Narcissus bulb fly—Merodon equestris
Lesser bulb flies—Eumerus spp.
Adult bulb flies are stocky, hairy flies, blackish to dark
green with pale yellow, orange, or gray markings. Adult
bulb flies look like small bumble bees and may also resemble
other beneficial species. On warm sunny days, adults
often hover around blooming plants, where they feed on pollen
and nectar. Bulb fly larvae are plump, wrinkled, dirty
yellow, gray, white, or brownish maggots with a short brown
or blackish breathing tube at their rear. Maggots of several
species of flies infest bulbs of all types, including daffodil,
iris, lily, and tulip.
The adult lays an egg in spring or summer on exposed bulbs or stems at or near the base of plants. After 5 to 14 days, the egg hatches and a larva wriggles down into the soil or moves down along the outside of the bulb. It feeds on the bottom of the bulb where the roots emerge then enters and feeds inside the bulb. The larva develops through three instars over a period of 9 to 10 months. In spring the larva pupates in a brownish case inside the bulb, or it emerges and pupates nearby in topsoil. Pupation takes 4 to 8 weeks, after which the adult emerges, mates, and females lay eggs. Adults live about 2 to 3 weeks.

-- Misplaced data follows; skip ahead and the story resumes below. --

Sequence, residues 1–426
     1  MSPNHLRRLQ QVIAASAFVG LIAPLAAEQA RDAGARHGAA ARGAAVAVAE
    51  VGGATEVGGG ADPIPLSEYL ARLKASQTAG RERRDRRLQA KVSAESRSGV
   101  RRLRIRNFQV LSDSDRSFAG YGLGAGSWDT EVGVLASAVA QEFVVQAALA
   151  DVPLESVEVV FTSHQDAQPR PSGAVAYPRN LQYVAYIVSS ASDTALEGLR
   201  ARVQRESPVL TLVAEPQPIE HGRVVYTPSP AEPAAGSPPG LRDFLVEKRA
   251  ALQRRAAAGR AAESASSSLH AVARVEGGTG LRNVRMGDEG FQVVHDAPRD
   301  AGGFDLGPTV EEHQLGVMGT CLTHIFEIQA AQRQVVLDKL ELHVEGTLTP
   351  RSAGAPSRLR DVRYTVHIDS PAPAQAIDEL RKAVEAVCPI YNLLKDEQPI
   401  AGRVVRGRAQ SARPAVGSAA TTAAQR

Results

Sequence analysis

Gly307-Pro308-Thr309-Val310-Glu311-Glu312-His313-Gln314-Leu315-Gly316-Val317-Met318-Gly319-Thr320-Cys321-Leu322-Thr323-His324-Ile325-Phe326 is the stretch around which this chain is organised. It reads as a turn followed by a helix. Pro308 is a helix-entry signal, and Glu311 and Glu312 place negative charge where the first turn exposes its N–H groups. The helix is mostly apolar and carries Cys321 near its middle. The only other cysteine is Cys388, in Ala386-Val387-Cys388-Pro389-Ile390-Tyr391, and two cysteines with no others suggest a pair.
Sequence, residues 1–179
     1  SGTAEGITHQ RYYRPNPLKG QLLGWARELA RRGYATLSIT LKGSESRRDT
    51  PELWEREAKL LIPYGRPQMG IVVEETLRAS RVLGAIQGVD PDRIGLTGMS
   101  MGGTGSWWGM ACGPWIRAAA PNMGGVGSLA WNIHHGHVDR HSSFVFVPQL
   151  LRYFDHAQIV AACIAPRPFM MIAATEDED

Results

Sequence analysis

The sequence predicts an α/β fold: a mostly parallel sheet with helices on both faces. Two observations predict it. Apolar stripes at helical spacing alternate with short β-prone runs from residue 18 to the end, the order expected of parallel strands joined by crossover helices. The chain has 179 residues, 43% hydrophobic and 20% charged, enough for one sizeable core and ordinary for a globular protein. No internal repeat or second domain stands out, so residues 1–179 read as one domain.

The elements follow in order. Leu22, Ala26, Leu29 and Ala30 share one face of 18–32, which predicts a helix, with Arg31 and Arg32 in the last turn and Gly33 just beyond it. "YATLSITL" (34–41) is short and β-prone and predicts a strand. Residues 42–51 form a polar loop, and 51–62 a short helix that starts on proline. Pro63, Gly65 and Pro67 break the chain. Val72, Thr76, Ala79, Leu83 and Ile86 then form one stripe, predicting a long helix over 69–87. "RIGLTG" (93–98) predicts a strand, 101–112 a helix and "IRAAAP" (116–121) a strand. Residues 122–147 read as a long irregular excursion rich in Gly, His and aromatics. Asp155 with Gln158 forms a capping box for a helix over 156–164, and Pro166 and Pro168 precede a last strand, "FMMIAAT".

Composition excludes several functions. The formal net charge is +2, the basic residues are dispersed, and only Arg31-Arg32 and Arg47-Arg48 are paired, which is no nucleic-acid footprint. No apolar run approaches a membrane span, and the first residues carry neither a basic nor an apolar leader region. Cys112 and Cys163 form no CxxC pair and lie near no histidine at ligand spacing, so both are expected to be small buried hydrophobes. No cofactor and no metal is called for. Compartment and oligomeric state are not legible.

Larvae feed in bulbs, causing yellow foliage and stunted plants. If infested, large bulbs produce fewer leaves and distorted growth. Instead of a large shoot, small leaves may emerge in a ring around the central growing point that has been killed by a larva. Blooms and small bulbs often die. Narcissus bulb fly attacks healthy plants; lesser bulb flies prefer bulbs and rootstocks that are already diseased or decayed.
Prevention is the most effective bulb fly
control strategy. Purchase and plant only pest-free
bulbs. Handle bulbs carefully to avoid injury. Remove
and destroy infested bulbs and plants as soon as you find
Bulb fly life cycle (by Valerie Winemiller, adult from C.F. Doucette. 1959. The Narcissus Bulb Fly. USDA Leaflet 444.)